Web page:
Race and Young Children

Susan recently wrote a piece about American-Americans and color-blindness that gave me ~*feelings*~, and it made me think, “How do we teach our children about race?”

Let me begin by saying that children are not stupid. When a child asks why someone looks different or has different color skin, you cannot respond with a hippy dippy trippy answer like, “We’re all the same inside. Color doesn’t matter. We’re all people!” No. We are not all the same. Our skin is different colors. Our facial features are different. By saying to children that we’re all the same only serves to confuse them.

Race needs to be addressed with young children. There is the now-famous doll study by Kenneth and Mamie Clark which showed that when presented with dolls that were identical in every way except that one was white and one black, African American children overwhelmingly chose the white doll as the “nice” and “good” doll. These were young children; we can’t wait until children are older to tackle open and honest discussions about race.

The first step in that open and honest discussion is to acknowledge the differences, and that is what I am focusing on here.

One way to address race with young children is to focus on skin color. Young children naturally like to compare their skin tones and this should not be discouraged; it is ok for children to notice that Lupe has darker skin than Luis. At a time when children are learning their colors, many are confused why some people are considered “white” and others “black” when that is not the color of their skin. A pre-K and primary skin color lesson staple is mixing colors to find each child’s unique color. Therefore a black child might have mahogany sepia skin and white child might have thistle peach skin instead of black and white. A necessity of any multicultural classroom is skin color or “people” crayons, markers, and paints. These are available at any teachers’ store, or off of Amazon.com.

A box of multicolor skin tone color crayons with names like "peach," "sable," and "toast."
Our box of "people colors" that students use when drawing people.

Another diversity lesson for the pre-K crowd involves the book The Crayon Box That Talked. You begin by giving the children a box of crayons only containing the color green and have them draw a colorful picture. When they have finished, discuss if they liked their pictures; were they able to draw a yellow sun? A brown house? A blue sky? After discussing, read the book The Crayon Box That Talked and discuss how each crayon is important even though they all look different, just like people. The children can then draw a picture using all the colors.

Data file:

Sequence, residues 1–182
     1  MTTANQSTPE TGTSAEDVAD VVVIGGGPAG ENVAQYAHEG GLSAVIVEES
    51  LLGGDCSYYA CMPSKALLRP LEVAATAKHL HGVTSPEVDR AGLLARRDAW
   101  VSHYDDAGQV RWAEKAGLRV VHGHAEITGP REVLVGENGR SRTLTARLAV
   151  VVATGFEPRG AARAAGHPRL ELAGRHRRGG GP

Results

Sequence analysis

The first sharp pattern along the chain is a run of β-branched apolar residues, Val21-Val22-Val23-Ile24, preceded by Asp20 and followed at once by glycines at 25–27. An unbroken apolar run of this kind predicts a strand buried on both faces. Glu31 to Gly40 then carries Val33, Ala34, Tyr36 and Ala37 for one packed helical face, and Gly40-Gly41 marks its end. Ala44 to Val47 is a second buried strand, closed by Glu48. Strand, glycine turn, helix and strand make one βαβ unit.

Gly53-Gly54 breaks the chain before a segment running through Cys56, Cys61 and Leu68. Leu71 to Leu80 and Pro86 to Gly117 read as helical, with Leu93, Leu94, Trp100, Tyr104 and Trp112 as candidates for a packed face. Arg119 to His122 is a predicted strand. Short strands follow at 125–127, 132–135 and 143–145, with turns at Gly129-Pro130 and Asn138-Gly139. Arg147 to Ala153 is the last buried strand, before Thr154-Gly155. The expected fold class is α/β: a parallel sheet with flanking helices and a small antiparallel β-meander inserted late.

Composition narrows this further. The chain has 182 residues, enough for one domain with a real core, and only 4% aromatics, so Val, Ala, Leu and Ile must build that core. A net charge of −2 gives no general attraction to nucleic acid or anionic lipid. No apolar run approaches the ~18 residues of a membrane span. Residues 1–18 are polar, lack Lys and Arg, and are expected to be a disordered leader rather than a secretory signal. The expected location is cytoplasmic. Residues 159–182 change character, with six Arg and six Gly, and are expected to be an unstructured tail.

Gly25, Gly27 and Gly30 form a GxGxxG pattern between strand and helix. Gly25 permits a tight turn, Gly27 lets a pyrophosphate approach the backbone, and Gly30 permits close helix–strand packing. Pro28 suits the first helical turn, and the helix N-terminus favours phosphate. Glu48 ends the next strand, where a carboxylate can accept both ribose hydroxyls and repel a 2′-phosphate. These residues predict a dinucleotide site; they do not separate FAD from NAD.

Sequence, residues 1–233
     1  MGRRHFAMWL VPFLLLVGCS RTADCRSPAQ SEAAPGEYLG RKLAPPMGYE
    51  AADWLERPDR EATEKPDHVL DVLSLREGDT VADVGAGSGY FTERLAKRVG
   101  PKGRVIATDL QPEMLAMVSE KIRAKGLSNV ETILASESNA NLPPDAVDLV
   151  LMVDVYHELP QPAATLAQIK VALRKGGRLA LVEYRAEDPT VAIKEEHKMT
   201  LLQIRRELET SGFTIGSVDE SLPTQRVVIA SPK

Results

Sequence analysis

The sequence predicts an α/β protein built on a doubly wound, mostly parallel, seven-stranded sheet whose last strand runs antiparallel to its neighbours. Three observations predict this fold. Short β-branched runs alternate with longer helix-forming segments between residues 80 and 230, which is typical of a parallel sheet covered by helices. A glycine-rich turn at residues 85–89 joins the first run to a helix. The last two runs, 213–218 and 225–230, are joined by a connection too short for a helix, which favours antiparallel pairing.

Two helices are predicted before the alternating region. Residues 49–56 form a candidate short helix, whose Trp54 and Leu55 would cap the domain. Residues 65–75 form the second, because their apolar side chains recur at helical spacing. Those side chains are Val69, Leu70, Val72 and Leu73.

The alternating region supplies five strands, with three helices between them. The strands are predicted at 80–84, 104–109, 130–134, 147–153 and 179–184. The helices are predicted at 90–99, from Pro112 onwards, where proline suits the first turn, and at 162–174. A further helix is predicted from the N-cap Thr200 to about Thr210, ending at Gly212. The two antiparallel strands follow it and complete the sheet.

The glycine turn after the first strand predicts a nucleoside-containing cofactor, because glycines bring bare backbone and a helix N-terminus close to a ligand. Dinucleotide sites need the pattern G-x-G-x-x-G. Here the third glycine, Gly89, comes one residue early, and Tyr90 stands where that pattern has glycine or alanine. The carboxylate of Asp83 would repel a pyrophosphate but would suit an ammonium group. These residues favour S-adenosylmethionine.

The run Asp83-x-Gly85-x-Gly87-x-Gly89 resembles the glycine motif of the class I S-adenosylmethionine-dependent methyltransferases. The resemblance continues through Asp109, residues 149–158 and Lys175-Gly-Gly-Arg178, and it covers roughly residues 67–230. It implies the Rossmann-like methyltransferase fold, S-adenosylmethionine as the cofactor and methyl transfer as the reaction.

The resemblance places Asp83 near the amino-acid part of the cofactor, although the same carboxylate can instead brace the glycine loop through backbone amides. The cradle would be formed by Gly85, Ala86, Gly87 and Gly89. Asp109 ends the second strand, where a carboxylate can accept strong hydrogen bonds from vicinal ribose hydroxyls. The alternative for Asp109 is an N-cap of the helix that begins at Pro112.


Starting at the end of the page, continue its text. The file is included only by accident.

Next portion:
There is also the old standby: literature. Although, I have found it very difficult to find quality fiction with a multicultural cast of characters. Two of my favorite books featuring characters of color (that aren’t about ~*diversity*~ or ~*tolerance*~) are anything by Ezra Jack Keats and Oh, Theodore! by Susan Katz (in addition to having a cast of people of color – it’s about a guinea pig!). If you all know of any other good fiction books for children featuring, but not focusing on, characters of color, I would love to hear about them.

I fully acknowledge that there is much more to learning about race than just focusing on skin color, but in order for children to be prepared for the more in-depth discussions and education about race and privilege, they must first recognize that all people are not the same and not be afraid to talk about differences.

By telling children that skin color doesn’t matter and that we are all the same we are only ignoring the bigger issue and creating a taboo subject. Race exists, as do all the privileges and discrimination that come along with it.

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Mona Se Queda

I teach bilingual special education and I like guinea pigs.

28 thoughts on “Race and Young Children”